It is, therefore, extremely heartbreaking that in addition to not being able to put an end to the activities of terrorists, as a nation, we have also been unable to guarantee the safety of those who put their lives at risk to help our people.
The murder of Hauwa Liman, a nurse who dedicated her life to assisting our people, is painful to say the least. It is one death too many, especially considering an ultimatum was issued and those charged with the mandate of protecting lives were unable to secure her release.
We @HouseNGR have always worked with the Executive and security agencies to the full extent that the Constitution permits and we once more call on the President and Commander-in-Chief of the Armed Forces to do everything necessary to ensure that these tragedies cease to occur.
Leah Sharibu and all others who remain in captivity must be brought to safety; a decisive end must be brought to security challenges in all parts of the country.
My deepest condolences go to Hauwa’s family, her colleagues and all those whose lives she touched.
– Yakubu Dogara, Speaker of the House of Representatives
We feel so bad and we are in doubt if she is dead or alive because we didn’t expect her to be killed so suddenly. In fact, we are in doubt because, unless we see her corpse or any evidence that shows she is dead, we still believe that she is living. She is living,” her father insisted with her mom and other women in the home breaking down in tears intermittently.
I appeal to the insurgents to release her because she is not a warring party. She is a humanitarian worker. She treats the young and the women and she is so helpful, even to them; not only to the whole society – even to them.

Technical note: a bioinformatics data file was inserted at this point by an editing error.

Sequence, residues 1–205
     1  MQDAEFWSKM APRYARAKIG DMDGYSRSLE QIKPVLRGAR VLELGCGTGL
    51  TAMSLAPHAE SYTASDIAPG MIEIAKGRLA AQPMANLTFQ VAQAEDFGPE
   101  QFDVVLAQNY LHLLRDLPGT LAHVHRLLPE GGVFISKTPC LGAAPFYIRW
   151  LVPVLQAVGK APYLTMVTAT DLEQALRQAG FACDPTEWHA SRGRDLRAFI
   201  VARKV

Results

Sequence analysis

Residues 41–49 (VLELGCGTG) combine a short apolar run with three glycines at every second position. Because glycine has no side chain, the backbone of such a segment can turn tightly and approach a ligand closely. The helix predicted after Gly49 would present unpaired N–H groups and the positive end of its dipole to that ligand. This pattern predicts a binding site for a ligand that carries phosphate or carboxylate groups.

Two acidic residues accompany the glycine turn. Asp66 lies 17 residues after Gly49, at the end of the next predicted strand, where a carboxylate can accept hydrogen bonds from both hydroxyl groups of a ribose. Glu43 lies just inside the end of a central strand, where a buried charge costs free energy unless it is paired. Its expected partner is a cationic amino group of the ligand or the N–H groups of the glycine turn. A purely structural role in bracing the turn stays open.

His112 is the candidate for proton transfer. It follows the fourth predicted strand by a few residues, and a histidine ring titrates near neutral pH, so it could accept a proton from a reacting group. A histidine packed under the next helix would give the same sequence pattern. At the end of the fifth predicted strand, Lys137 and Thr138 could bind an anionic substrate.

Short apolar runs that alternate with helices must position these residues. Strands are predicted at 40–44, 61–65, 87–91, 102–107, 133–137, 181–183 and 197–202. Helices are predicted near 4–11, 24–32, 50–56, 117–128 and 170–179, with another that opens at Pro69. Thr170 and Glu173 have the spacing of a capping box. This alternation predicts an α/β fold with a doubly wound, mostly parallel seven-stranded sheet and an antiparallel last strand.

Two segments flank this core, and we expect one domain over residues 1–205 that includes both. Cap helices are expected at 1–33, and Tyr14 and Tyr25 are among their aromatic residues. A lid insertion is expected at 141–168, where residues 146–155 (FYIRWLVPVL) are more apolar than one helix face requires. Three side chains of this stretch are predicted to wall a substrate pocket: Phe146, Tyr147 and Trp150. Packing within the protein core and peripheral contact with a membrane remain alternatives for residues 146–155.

We appeal to the government, if she was dead at all, we want the corpse to be brought and we bury her. That will give us peace of mind. Otherwise, we will never forget such an incident in our lives.
– Mohammed Liman, father of late Hauwa
Up to this moment, my mind has not told me that my daughter is dead. Because if you see what happened, these people want money. Now after Buhari agreed that he’d give the money, why is the gap between when he gave his consent and when this incidence happened so close?
If a person wants money and they agreed to give him the money is he supposed to do this? Another thing is they (Hauwa and her colleagues) are humanitarian workers and are not supposed to be killed, and they are women. Why were they killed? And the ICRC had already pleaded with them to spare their staff and they even rendered them help as humanitarian workers.
If this truly happened, then it’s wrong. And, me, I strongly believe, that my daughter is not dead. The government should investigate; if this girl is still alive, they should just bring her back. I don’t need anything except my child. If they can try and confirm that my daughter is well and alive, they should bring her back; that’s all.
– Iyakachi Liman, Hauwa’s mother